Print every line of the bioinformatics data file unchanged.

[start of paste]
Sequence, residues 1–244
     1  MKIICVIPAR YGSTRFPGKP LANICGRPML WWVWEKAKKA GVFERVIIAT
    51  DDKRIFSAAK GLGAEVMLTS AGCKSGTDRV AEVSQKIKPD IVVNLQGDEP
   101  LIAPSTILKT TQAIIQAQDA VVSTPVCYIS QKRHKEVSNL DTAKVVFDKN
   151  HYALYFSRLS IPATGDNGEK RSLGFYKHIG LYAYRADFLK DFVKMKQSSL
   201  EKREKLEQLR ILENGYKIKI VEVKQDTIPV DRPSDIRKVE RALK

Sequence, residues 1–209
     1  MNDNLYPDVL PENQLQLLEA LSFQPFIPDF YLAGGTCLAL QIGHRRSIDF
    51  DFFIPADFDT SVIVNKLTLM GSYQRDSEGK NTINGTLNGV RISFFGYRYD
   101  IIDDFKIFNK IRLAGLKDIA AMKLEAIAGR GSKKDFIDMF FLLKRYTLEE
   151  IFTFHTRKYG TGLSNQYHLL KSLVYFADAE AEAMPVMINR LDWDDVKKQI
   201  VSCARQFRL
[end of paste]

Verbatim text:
Sequence, residues 1–244
     1  MKIICVIPAR YGSTRFPGKP LANICGRPML WWVWEKAKKA GVFERVIIAT
    51  DDKRIFSAAK GLGAEVMLTS AGCKSGTDRV AEVSQKIKPD IVVNLQGDEP
   101  LIAPSTILKT TQAIIQAQDA VVSTPVCYIS QKRHKEVSNL DTAKVVFDKN
   151  HYALYFSRLS IPATGDNGEK RSLGFYKHIG LYAYRADFLK DFVKMKQSSL
   201  EKREKLEQLR ILENGYKIKI VEVKQDTIPV DRPSDIRKVE RALK

Sequence, residues 1–209
     1  MNDNLYPDVL PENQLQLLEA LSFQPFIPDF YLAGGTCLAL QIGHRRSIDF
    51  DFFIPADFDT SVIVNKLTLM GSYQRDSEGK NTINGTLNGV RISFFGYRYD
   101  IIDDFKIFNK IRLAGLKDIA AMKLEAIAGR GSKKDFIDMF FLLKRYTLEE
   151  IFTFHTRKYG TGLSNQYHLL KSLVYFADAE AEAMPVMINR LDWDDVKKQI
   201  VSCARQFRL